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Connecticut, Connecticut

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Michael A. Stratton
Michael A. Stratton
Attorney • 866-351-9500

Nursing Homes: Stopping Over Medication and Errors

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Proper medication management is integral to the care of nursing home residents. The average resident’s medication regime includes seven to eight different medications monthly, and a complex medication regime requires diligent attention by competent care providers.

The standard for nursing home medication safety is high. Federal regulations mandate that a “facility must ensure that residents are free from any significant medication errors,” and compliance with those regulations is part of the standard of care. This means nursing homes are required to design a system that is free from significant medication errors, thus ensuring that residents receive their medications in accordance with physicians’ orders.

The regulations also mandate that “residents who have not used antipsychotic drugs are not given these drugs unless antipsychotic drug therapy is necessary to treat a specific condition as diagnosed and documented in the clinical record.” For residents who do require antipsychotic drugs, the facility must ensure that the resident “receive[s] gradual dose reductions, and behavioral interventions, unless clinically contraindicated, in an effort to discontinue these drugs.’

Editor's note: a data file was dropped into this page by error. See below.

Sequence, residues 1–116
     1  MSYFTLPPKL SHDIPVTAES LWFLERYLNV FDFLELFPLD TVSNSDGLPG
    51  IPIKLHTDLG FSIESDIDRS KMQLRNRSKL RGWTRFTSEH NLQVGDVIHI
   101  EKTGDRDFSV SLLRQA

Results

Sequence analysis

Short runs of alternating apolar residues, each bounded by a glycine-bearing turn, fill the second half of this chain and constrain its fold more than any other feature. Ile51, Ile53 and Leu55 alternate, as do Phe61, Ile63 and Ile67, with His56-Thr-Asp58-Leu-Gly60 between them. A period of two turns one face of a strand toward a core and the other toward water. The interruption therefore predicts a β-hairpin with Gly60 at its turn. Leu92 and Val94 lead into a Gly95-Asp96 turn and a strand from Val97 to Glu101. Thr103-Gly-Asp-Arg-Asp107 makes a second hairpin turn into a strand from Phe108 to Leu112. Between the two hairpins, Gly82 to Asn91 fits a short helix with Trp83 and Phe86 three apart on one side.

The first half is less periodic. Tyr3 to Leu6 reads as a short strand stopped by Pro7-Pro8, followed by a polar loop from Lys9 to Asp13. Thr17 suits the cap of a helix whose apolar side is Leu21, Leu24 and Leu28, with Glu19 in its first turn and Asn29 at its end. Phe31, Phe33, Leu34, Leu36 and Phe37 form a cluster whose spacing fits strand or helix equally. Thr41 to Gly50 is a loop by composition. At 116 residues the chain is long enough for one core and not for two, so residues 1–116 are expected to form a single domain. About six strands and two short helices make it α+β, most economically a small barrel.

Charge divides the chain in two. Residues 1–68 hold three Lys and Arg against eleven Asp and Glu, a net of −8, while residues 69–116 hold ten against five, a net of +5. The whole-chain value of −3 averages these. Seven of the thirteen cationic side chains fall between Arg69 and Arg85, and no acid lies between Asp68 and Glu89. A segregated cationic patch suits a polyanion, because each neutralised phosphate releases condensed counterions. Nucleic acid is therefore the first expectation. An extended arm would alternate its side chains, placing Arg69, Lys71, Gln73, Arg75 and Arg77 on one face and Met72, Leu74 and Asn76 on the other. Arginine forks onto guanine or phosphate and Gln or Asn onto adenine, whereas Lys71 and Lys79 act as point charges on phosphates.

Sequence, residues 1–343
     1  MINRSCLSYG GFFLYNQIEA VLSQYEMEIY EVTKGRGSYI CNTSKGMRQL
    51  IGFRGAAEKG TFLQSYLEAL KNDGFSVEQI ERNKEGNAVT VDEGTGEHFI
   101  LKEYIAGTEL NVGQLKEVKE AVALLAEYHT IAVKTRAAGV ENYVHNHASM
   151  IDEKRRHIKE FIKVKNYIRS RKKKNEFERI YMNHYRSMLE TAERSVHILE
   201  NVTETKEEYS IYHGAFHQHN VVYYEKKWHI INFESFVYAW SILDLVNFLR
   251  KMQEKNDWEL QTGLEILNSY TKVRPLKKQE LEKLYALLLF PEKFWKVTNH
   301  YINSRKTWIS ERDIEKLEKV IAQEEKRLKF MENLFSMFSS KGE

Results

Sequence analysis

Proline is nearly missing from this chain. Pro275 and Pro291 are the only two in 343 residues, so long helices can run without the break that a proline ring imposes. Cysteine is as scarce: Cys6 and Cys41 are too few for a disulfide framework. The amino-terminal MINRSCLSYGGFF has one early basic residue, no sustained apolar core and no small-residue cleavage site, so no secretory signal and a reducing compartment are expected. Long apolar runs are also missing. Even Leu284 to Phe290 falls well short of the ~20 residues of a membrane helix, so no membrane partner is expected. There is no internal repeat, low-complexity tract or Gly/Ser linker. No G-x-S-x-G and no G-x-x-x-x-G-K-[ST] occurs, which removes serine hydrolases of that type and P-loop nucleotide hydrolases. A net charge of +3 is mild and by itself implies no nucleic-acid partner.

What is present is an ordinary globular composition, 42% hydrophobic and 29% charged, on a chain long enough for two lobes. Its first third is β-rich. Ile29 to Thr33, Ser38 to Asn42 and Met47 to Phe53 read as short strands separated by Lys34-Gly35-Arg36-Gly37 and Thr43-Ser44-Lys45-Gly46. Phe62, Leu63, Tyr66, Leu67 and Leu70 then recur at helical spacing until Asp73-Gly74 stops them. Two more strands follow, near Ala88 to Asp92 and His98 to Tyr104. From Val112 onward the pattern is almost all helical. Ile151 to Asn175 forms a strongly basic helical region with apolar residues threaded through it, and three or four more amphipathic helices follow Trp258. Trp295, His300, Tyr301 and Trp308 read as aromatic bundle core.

On May 20, 2012, the Centers for Medicare and Medicaid Services (CMS) announced “an initiative to ensure appropriate care and use of antipsychotic medications for nursing home patients” with a “national goal of reducing use of antipsychotic drugs in nursing home residents by 15 percent by end of 2012.” CMS reports that in “2010 more than 17 percent of nursing home patients had daily doses [of antipsychotic medications] exceeding recommended levels.” Furthermore, CMS found that “almost 40 percent of nursing home patients with signs of dementia were receiving antipsychotic drugs as some point in 2010, even though there was no diagnosis of psychosis.”

To ensure that residents receive their medications safely and in accordance with physician orders, professional standards of care require a licensed pharmacist to review each resident’s drug regime regularly. This review must occur at least monthly, and any irregularities need to be reported to the attending physician and the nursing home’s director of nursing, who have a duty to act on these reports. A nursing home’s drug regimen review is integral to maintaining a resident’s highest practicable level of functioning by preventing or minimizing adverse consequences related to medication therapy.

Further, nursing homes must provide laboratory services to meet their residents’ needs. Laboratory studies ordered by the physician or pharmacist are essential to evaluating the patient’s response to the medication. The nursing home is responsible for the quality and timeliness of such services, even if the facility does not provide laboratory services on-site.

The key here is real patient care. Simply over medicating the resident of a nursing home without a plan of monitoring is unacceptable.